Moving on the Heritage Lane, dishes there range from $6 to $12 and you’ll definitely be able to pronounce their names too.

It’s the only segment in TGFF that’s free for everyone to visit, and it’s located right smack in the middle of the RWS convention centre. 

One dish you should try, is the char-grilled Madura Chicken Satay from Table@7 by chef Eugenia Ong.

Unlike the regular satay found at hawker centres which are usually dry on the inside, the meat in this dish was substantially chunkier, allowing the inside to remain tender and moist.

Another dish I enjoyed, was the modern age prawn from Tin Hill Social, a creation by Chef Michael Lewis. 

If you’re curious, the sauce consists of yoghurt, mint and other spices, which nicely complemented the taste of the prawn, and provided a refresher for my palate.

However, the kangaroo burger, which was also on the menu from Tin Hill Social, made me pause. 

In all honesty though, the shrimp dish (above) was offered to me after I frowned at the burger, and it was impressive enough for me to eventually include it on the list of dishes you should try. 

Although substantial in size (and one of the dishes which you get more bang for your buck IMO), the meat was tough to chew on despite how it’s supposed to be “medium rare”.

Another dish you should skip if you’re not a fan of dishes with a strong fishy taste, is the salmon and pumpkin confit by Chef Stephan Zoisl of Chef’s Table. 

With an appearance that threw my appetite off, the dish was wet, mushy and overwhelming with a strong vegetable taste that I was just not a fan of.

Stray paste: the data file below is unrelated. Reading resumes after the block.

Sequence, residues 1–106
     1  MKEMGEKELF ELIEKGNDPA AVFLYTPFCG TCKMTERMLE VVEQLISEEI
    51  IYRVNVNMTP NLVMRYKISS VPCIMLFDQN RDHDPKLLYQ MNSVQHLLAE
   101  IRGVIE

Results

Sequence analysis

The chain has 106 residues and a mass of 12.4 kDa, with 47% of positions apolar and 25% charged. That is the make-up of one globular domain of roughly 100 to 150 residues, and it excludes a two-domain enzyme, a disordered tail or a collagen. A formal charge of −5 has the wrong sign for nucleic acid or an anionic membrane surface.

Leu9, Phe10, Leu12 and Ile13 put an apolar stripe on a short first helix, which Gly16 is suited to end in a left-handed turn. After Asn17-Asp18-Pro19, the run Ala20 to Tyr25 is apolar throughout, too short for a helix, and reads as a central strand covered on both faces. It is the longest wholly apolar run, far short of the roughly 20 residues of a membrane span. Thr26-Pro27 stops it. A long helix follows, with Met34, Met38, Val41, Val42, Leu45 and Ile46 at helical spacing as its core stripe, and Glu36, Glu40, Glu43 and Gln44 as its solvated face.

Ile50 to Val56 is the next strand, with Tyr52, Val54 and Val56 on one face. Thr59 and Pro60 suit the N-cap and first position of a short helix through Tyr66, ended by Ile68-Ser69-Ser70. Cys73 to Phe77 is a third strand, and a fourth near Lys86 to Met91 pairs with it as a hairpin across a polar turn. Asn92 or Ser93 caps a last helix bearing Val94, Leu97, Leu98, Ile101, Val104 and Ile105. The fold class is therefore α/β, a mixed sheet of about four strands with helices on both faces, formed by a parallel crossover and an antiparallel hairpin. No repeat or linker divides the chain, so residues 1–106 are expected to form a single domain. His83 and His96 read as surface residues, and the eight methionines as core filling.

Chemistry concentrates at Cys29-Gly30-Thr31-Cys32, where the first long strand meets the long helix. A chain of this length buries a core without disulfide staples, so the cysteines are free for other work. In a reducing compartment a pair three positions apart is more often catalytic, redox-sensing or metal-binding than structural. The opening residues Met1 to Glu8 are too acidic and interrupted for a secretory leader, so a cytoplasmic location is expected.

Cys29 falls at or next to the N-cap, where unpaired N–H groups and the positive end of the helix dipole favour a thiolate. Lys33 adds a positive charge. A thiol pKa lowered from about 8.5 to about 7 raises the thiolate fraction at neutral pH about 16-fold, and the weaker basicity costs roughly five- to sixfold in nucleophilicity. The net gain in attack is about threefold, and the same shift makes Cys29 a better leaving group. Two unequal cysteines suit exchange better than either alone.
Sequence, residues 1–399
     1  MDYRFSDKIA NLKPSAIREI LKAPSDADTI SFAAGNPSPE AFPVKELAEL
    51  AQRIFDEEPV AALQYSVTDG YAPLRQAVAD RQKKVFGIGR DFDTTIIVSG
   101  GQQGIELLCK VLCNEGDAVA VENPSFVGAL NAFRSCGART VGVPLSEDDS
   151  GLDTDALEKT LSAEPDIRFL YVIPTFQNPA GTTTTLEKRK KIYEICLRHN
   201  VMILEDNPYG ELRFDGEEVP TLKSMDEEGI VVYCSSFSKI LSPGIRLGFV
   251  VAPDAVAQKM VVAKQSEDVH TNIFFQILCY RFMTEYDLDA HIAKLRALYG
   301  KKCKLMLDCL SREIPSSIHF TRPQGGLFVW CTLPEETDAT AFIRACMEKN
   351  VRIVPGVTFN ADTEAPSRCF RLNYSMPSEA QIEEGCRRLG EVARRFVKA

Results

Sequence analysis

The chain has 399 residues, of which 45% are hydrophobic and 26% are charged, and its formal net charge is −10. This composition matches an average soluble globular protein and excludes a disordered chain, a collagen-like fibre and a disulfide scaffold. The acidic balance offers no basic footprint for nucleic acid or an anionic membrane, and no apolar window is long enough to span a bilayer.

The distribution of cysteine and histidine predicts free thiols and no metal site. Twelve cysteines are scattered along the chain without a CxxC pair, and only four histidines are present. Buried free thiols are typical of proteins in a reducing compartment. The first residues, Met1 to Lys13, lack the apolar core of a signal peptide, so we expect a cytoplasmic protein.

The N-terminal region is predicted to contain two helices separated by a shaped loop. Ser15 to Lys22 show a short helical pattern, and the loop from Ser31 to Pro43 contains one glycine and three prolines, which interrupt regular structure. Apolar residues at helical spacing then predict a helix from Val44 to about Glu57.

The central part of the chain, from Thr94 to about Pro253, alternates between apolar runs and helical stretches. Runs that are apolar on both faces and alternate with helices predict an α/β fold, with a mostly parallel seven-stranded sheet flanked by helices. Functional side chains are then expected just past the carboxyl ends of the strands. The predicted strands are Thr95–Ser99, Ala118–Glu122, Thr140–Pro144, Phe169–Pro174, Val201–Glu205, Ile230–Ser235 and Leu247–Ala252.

Moving on to Rollin’ Sweet Times, each dessert sold there starts from $4 and there are more than 300 types to satisfy your sweet tooth. 

The first thing you’ll notice is a huge adult-sized bouncy ball pit (more on that later) and a mysterious “gloroom”. 

What’s its purpose? For the ‘gram of course. 

Glow-in-the-dark treats were the highlight this festival, and there were several you could bring into the room with you to glam up your social media pages. 

Here’s the yuzu sorbet from Min Chai of N2 Extreme Gelato.

Involving science and nitrogen gas, the production process is, by itself, worthy of your #instastory. 

Presenting the Glownut – a luminescent doughnut hailing from Chris Thé of Black Star Pastry. 

This was a stall that consistently commanded long snaking queues throughout the seven hours we were at TGFF and the doughnuts were the only items left by the time the queue dissipated enough for me to check out the stall. 

The Strawberry Watermelon cake, which was sold out quickly, was the hot commodity you’ll probably want to get.

Oh well, maybe next time?

Another dessert that captured the attention of huge crowds, is the Amazing Frozen by Chef Kenny Kong of Sessions. 

Complete with candy floss, dry-ice, rainbow meringues and a rainbow light-stick, this dish was literally made for Instagram. 

Taste-wise, the frozen yoghurt was pretty solid, as far as froyos go.

If pastel is not your thing, you could check out the chilli crab ice-cream Chef Kong had going on, complete with curry leaf-infused chocolate. Yum?

At $6 for a stick of 3 marshmallows, I was ready to dismiss Wicked Mallows as another overpriced, hipster trap. 

But wait till you check this out. 


Torched on the spot, not only does it make for good video material to impress your friends with, each marshmallow was gooey and distinctly flavourful without being too sweet.

If, like me, you were horrified by the amount of calories you manage to spoil your diet with, end the day by burning some on the giant inflatable playground that doubled as a ball-pit for the forever-young. 

Trust me, it’ll help get rid of that sugar high.